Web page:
Monday, Sept 5, 2011:Dvořák in Nashville

Nashville's Schermerhorn Symphony Center was opened in 2006 at a cost of $125.5 million. An all-Dvořák concert is this season's opener.

Dvořák in Nashville

The DvorákovaPraha Festival is getting ready to raise the curtain on its opening concert. Over at the Czech Museum of Music some Dvořák concerts will be performed this month.

And on another stage a symphony orchestra will be opening its season with an all-Dvořák concert featuring the incomparable cellist Yo-Yo Ma, conducted by Giancarlo Guerrero. It’s the Nashville Symphony in the American state of Tennessee – “Music City,” the home of rock ‘n roll and country music stars from Elvis Presley to Hank Williams.

But Elvis and Hank aren’t the only stars contributing to Music City’s reputation. The Nashville Symphony has been nominated for 13 classical music Grammy Awards and received six wins just since the year 2000.

So Opus Osm asked music director Guerrero how the Czech composer ended up starring on the gala opening concert program, especially since part of the symphony’s mission statement reads, “a focus on the creation, promotion, and preservation of a distinctly American repertoire.”

“We have earned a reputation for our commitment to commissioning, premiering, and recording work by American composers,” Mr Guerrero admits, “but at the same time we are just as committed to performing the great works from the repertoire.

Giancarlo Guerrero

“A wonderful thing about Dvořák is that, because of his own time in America, he bridges these two worlds: He comes from that great European orchestral tradition, but he incorporated the American musical sensibility into his music.”

The concert this Friday offers Dvořák’s Symphony No. 9, “From the New World;” Silent Woods, Op 68 No 5; and the Cello Concerto in B Minor. “I wanted to perform one of the standard concertos as a showcase for our special guest, Yo-Yo Ma, but I wanted to do it in combination with work that isn’t very well known, in this case Silent Woods,” Mr Guerrero explains.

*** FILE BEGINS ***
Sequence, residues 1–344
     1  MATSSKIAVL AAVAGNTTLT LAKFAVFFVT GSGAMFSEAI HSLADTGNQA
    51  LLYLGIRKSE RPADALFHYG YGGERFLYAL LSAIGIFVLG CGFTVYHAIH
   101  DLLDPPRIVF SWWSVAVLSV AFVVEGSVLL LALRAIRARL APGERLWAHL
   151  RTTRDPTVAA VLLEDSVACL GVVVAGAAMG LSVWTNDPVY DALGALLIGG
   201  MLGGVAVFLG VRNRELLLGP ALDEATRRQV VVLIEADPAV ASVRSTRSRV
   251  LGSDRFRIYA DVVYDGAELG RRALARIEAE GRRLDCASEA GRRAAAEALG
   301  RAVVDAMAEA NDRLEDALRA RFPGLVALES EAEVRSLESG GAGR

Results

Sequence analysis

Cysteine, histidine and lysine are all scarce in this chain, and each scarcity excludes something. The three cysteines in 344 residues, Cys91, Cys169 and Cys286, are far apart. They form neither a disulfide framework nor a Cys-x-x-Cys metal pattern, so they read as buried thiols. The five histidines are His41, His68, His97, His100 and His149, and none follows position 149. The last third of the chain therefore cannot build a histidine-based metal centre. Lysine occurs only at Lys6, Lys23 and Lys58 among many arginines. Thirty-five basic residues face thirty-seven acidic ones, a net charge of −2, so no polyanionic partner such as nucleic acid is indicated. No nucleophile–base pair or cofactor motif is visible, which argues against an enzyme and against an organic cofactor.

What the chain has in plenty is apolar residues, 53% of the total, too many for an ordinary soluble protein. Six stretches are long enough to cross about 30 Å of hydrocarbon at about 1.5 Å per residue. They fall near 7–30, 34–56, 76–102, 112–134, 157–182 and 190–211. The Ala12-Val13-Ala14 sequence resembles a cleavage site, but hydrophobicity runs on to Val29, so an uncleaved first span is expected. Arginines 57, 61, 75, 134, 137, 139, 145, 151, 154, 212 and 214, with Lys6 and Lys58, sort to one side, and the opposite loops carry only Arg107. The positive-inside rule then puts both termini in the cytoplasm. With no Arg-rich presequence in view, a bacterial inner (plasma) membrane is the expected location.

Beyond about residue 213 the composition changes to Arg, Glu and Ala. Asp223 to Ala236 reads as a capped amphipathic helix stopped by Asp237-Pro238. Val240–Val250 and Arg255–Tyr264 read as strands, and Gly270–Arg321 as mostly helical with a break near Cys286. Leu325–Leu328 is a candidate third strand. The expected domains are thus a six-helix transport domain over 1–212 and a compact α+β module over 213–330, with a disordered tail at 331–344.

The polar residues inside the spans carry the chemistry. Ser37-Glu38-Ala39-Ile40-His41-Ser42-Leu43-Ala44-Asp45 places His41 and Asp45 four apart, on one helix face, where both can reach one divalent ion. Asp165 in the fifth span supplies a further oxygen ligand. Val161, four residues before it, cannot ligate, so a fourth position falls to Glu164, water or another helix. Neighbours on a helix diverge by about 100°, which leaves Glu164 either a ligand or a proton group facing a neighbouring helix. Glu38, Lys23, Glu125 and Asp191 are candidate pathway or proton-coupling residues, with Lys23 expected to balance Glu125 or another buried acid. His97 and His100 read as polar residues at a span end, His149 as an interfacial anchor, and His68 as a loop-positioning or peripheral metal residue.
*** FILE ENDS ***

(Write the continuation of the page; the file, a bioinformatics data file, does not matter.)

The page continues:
He says the ninth symphony was chosen because it’s so beloved, “and each time we hear it, we are reminded of what great music it is.”

Undoubtedly, Dvořák’s works in the hands of Mr Ma will make for an unforgettable evening of music. Mr Guerrero says, “I’ve worked with Yo-Yo Ma a lot in the past few years, and I consider him a dear friend and colleague. What I love about working with Yo-Yo is there’s always something fresh and new with him – he’s always reinventing himself.”

Just imagine the magical result of that constant reinvention, if the symphony and its special guest were to perform in Prague, The Mother of Cities, as well as in Music City. – oo

– Mary Matz

You may not be able to zip over to Nashville for the Symphony’s zesty opening concert, but you can watch a video of Mr Guerrero explaining some background for the Dvořák concert by clicking below:

About Silent Woods:
Dvořák composed it as a four-hand piano piece in 1883 as part of a cycle, Ze Šumavy (From the Bohemian Forest);
Dvořák titled it Klid (Silence) but his German publisher, Fritz Simrock, changed it to the German, Die Ruhe, and later Waldesruhe (Silent Woods);
Dvořák later transcribed it for piano and cello, and also for cello and orchestra.

Photo Credits: All photos and video excerpt: Nashville Symphony

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